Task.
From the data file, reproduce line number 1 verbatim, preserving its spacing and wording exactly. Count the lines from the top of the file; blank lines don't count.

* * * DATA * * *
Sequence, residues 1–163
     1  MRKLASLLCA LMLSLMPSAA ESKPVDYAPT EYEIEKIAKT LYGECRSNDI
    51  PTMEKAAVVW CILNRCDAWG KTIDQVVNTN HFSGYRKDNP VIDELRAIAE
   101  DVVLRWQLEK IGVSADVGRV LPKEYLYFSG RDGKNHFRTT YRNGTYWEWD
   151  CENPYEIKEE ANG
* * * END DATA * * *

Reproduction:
Sequence, residues 1–163